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George Bush leads the US toward a policy of unilateral, pre-emptive counterproliferation warfighting strategy.

Abolish nuclear weapons

The Cold War may be over, but this does not mean nuclear weapons have disappeared. Far from it: There are over 30,000 nuclear weapons in the world, with more than a thousand of them ready to launch at a moment's notice, 24 hours a day, seven days a week.

Over 400 reactors in warships and nuclear submarines are still circlingthe globe. Some are rotting away on the bottom of the ocean or in adistant port somewhere in Russia. Accidents such as the Russiansubmarine, the Kursk, tragically sinking in the Barents Sea can happenevery day, anywhere.

Over 2,000 nuclear weapons tests have left a legacy of global andregional contamination. People living near the test sites have sufferedfrom cancers, stillbirths, miscarriages and other health effects -- and are still suffering today. Manyhad to leave their hometown or island as it became too contaminated tolive there.

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The nuclear threat has quite literally scaled down in the last twodecades. While the prospect of an all out exchange of arsenals betweenRussia and the US has receded, the 15 kilotons of destructionthat obliterated Hiroshima could today be accomplished with a lunch-boxsized bomb. George Bush talks openly of developing new "more useable"nuclear weapons. Even more alarmingly, the administration continues toseek approval for a programme geared toward designing more robust, more'usable' nuclear weapons.

The prospects of a nuclear weapon actuallybeing used are perhaps greater today than during the cold war.

Today, the number of countries involved in active weapons programsis increasing. A growing number of countries are lining up to join thenuclear club, increasing the chance that a nuclear catastrophe willhappen somewhere on the planet.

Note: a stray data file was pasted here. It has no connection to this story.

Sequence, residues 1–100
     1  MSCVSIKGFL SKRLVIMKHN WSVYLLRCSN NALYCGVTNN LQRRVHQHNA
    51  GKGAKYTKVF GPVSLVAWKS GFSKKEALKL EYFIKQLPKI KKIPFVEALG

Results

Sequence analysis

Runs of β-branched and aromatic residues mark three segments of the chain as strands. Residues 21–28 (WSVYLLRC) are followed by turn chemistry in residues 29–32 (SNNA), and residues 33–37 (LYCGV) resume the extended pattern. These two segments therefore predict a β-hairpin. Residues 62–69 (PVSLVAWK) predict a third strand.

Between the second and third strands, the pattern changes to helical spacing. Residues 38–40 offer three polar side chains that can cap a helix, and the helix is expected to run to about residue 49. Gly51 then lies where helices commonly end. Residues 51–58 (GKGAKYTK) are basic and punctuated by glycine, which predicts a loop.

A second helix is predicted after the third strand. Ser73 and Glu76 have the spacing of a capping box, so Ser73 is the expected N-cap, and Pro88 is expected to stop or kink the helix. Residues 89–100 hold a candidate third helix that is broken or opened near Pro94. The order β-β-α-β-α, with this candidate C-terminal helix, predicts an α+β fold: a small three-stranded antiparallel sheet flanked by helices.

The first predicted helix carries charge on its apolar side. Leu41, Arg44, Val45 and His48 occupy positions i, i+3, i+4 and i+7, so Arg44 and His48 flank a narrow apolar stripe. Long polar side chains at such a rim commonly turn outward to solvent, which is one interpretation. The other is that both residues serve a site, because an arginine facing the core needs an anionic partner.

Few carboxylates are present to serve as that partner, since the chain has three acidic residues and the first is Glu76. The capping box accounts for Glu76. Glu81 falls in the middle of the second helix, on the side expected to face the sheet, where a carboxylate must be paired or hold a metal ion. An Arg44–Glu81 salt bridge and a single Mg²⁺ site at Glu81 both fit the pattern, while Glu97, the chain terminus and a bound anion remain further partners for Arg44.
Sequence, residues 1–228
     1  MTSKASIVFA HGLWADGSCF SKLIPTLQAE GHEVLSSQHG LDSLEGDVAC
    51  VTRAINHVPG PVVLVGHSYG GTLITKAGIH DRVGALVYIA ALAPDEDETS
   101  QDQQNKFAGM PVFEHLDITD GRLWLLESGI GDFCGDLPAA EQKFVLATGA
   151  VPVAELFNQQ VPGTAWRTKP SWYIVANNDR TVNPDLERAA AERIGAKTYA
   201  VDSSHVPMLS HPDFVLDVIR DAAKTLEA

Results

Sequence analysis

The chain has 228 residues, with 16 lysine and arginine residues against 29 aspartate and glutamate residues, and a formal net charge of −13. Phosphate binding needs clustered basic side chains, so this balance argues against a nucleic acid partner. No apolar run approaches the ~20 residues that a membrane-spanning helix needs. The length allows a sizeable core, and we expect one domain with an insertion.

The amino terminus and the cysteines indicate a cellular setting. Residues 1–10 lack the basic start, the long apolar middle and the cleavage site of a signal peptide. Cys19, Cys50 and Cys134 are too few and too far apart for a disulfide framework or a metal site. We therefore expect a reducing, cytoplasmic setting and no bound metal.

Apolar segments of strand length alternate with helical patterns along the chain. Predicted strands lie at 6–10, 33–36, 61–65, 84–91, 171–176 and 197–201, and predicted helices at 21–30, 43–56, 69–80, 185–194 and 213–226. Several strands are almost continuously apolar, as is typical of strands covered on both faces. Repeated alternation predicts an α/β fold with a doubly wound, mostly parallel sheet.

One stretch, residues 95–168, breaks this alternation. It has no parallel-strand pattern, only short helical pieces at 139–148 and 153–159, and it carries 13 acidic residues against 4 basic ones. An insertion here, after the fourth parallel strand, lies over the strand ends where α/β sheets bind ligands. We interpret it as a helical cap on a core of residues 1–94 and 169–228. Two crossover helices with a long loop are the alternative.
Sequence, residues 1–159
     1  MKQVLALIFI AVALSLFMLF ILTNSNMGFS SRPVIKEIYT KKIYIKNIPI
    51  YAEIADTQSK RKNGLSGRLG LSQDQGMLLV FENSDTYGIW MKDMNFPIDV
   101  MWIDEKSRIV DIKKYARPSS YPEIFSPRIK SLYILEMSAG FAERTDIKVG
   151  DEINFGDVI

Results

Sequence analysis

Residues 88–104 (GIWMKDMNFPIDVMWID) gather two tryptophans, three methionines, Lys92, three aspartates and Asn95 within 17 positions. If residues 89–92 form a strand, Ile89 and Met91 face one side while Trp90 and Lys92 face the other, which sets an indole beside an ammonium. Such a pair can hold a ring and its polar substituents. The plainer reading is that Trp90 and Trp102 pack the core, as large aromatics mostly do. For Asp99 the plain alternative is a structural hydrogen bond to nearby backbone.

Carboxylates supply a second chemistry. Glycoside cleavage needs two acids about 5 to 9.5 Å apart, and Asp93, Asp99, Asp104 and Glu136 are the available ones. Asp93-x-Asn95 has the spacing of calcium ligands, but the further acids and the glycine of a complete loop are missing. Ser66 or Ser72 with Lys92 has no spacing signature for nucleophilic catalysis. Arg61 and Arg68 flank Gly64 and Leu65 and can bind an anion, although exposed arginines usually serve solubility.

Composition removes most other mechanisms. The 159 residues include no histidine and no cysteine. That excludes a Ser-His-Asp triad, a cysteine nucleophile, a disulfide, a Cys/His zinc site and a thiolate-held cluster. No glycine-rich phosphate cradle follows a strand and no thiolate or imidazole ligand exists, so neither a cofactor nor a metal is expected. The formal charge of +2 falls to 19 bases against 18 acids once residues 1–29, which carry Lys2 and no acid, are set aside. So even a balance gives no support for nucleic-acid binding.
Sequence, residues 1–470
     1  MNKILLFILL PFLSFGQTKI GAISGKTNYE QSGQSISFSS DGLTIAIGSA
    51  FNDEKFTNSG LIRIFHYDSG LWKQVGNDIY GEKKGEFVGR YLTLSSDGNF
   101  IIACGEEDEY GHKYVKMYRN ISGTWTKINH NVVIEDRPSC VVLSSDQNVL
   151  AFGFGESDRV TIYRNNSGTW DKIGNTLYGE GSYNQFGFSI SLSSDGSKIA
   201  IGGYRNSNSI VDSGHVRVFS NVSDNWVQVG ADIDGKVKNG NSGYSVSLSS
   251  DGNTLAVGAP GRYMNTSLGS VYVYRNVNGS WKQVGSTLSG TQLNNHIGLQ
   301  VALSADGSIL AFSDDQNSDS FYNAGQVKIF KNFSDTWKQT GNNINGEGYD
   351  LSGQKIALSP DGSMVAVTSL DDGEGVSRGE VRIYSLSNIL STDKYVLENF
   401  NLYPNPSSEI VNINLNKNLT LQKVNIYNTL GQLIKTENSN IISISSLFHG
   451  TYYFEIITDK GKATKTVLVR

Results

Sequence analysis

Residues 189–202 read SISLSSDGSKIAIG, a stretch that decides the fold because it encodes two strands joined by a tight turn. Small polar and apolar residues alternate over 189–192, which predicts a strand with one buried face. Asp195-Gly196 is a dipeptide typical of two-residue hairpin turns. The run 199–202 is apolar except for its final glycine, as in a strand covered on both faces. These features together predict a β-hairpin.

George Bush's war on Weapons of Mass Descruction had its firstconcrete result when the number of countries in the world with declarednuclear weapons increased to 8 from 7, when North Korea announced thatit had built "enough nuclear weapons to deter a US attack."

Nuclear brinkmanship is inevitable in a climate of nuclearhypocrisy. Only when all countries pursue nuclear disarmament in goodfaith can we begin putting the nuclear genie back in the bottle bybanning the use and manufacture of the nuclear materials at the heart of the bomb.

The only thing that will stop the threat is the voice of the second superpower: world opinion.

The latest updates

 

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Blog entry by Junichi Sato | 11 March, 2016 7 comments

Last month I joined the magnificent crew of the Rainbow Warrior , a team of experts, and Greenpeace colleagues from around the world. For two days we sailed along Fukushima’s beautiful, rugged coast working under rough conditions as...

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30 years after Chernobyl and 5 years after Fukushima, the towns ruined forever by nuclear. A crucifix at the entrance of Pripyat. The town is now a guarded area and entry is via checkpoint. The crucifix is a homage to those who...

Nuclear Scars

Publication | 9 March, 2016 at 7:00

It is 30 years since the beginning of the Chernobyl nuclear disaster. It is also five years since the Fukushima disaster began. To mark these anniversaries, Greenpeace has commissioned substantial reviews of scientific studies examining the...

7 incredible projects that could save Japan from another nuclear disaster

Blog entry by Ai Kashiwagi | 9 March, 2016 2 comments

The Fukushima Daiichi nuclear disaster exposed the myth of safe and cheap nuclear power. It's no wonder those most impacted are choosing 100% renewable energy. About a year after Japan's 2011 nuclear disaster, Fukushima Prefecture...

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Blog entry by Jen Maman | 7 March, 2016 1 comment

As women we hear and tell many stories. We carry these stories with us – ones that happened to us, to our mothers, sisters, friends. My mother-in-law told me a story. She grew up in a small village in southeast Turkey. None of her...

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